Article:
America's most recent submarine fleet acquisitions and submarine command for drills is near the East Coast. According to the navy force commander, they are now facing the threat of Russian subs in near U.S. waters.
Vice Adm. Andrew Lewis, commander of the second fleet said that the Atlantic and the Russian submarine fleet will be where it will compete with the U.S. Navy.
Vice Adm. Daryl Caudle, remarked that America is not as safe as it was and not a sanctuary. In a press brief, he told reporters that these drills need to be done in local waters. This will be just as intense as those held in foreign waters. He views that readiness should be developed in both local and international waters, reported Breaking D.
The Navy is acquiring more systems, including robotic ships, swift frigates, with a new base in Norway, that will all meet the challenge of improved Russian and Sino fleets that are moving in the Arctic. It is alarming that the U.S. coast is not as immune as before to their incursions.
Analysts are still figuring out if Moscow is keen on penetrating U.S. coasts. The Russian sub-force is centered on protecting key assets and preserving its ICBM subs for a second-strike deterrent. Their command is not interested in long-range patrols closed to American territory. A limited fleet limits their options that affect their assets.
Michael Kofman, of the Center for Naval Analysis, mentioned that the 2nd Fleet prefers to be close to the USA, citing the subs of Moscow's 10th Department which works independently as a separate unit, composed of huge nuclear-powered subs conducting operations from the rest of the Russian navy.
The Main Directorate of Deep-Sea Research has equipped several ballistic missile submarines into mother ships as docking platforms. Acting as support units for special deep dive stations for subs and robotic submersibles. One capability of this fleet is to use mechanical and retractable arms for objects on the ocean floor.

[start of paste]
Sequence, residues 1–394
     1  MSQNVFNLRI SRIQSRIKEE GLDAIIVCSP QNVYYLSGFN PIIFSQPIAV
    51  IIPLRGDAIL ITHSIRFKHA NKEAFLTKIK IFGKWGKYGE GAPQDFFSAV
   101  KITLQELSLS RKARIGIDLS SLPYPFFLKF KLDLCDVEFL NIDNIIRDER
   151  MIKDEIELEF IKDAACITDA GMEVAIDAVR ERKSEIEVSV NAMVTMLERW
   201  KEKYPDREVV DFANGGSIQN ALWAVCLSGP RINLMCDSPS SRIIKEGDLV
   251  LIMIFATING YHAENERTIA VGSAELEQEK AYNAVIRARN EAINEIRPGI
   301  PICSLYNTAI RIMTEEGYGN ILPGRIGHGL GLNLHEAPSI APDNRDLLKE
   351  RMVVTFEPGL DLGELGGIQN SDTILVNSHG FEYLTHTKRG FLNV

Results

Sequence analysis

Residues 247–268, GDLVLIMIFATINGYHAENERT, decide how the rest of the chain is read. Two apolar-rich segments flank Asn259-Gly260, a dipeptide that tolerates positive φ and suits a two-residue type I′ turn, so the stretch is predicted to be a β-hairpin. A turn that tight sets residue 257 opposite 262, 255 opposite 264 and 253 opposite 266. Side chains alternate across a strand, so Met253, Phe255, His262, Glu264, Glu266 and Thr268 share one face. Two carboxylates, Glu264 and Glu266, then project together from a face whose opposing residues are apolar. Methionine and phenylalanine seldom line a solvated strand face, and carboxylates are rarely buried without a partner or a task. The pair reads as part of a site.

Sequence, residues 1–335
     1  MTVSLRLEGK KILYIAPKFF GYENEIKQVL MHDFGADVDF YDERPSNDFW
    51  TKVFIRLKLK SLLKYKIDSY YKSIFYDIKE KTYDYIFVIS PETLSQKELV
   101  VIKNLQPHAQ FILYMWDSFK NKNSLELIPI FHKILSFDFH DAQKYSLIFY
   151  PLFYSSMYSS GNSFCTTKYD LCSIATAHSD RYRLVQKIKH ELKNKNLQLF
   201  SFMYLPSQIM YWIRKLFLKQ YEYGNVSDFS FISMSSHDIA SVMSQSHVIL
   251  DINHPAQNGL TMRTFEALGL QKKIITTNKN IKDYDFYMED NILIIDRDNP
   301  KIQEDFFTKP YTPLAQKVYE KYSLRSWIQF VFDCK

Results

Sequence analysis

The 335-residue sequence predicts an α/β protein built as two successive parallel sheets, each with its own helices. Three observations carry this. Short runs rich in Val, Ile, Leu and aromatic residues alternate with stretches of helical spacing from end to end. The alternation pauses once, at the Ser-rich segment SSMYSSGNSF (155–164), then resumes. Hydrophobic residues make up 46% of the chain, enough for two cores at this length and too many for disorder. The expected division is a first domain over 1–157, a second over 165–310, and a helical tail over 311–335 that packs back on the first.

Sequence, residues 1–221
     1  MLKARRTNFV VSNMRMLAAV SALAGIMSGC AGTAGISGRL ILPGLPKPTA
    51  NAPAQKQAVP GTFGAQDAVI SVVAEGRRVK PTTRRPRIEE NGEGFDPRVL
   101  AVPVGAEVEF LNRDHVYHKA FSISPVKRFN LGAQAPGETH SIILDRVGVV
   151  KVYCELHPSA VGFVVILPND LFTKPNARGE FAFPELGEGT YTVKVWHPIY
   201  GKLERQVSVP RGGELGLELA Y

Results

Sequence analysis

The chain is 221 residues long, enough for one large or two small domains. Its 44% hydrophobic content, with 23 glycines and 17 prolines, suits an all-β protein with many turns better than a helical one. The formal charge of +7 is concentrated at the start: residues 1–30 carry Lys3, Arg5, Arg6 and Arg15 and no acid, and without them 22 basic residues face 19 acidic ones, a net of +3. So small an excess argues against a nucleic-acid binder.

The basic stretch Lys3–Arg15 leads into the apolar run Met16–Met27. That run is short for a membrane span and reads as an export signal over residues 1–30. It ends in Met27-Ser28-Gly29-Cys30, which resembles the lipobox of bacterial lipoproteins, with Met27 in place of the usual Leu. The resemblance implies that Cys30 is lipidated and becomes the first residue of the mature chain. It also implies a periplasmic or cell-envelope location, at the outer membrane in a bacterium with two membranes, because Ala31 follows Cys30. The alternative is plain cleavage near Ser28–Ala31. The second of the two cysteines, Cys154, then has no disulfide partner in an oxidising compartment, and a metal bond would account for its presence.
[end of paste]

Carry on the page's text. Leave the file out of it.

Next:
Normal subs are not a concern, but the second navy is specialized for other underwater operations. This concerns the U.S. as the threat requires different responses, like dealing with subs that can affect its physical environment, unlike conventional subs.
Taking part in the Black widow exercise that began Monday involving several vessels, they are the amphibious assault ship Wasp, P-8 surveillance planes, helicopters, two fast-attack submarines, destroyers USS Arleigh Burke and McFaul.
The objectives of the exercise are to fine-tune the chain of command and control between the new submarine command and the second fleet. The intention is to links the two commands into a cohesive force to benefit future operations.
A Russian sub was detected close to Alaska and in international waters, which was unexpected according to the Northern Command. Its sudden appearance and avoiding detection point to more silent subs that can penetrate American undersea defenses.
Before the Russian incursion, the USS Seawolf (a sub killer and offensive weapon again surface vessels) surfaced in Tromso, Norway. Experts say that it has been in the Arctic for some time and replenished at Tromso Coast.
The establishment of the Tromso port will mean increased American presence in the soon-to-be busy artic region. But hunting Russian and Chinese subs will be more crucial for the Naval leadership.
Related exercise: One of the Most Advanced Attack US Navy Submarines Sighted in Tromsø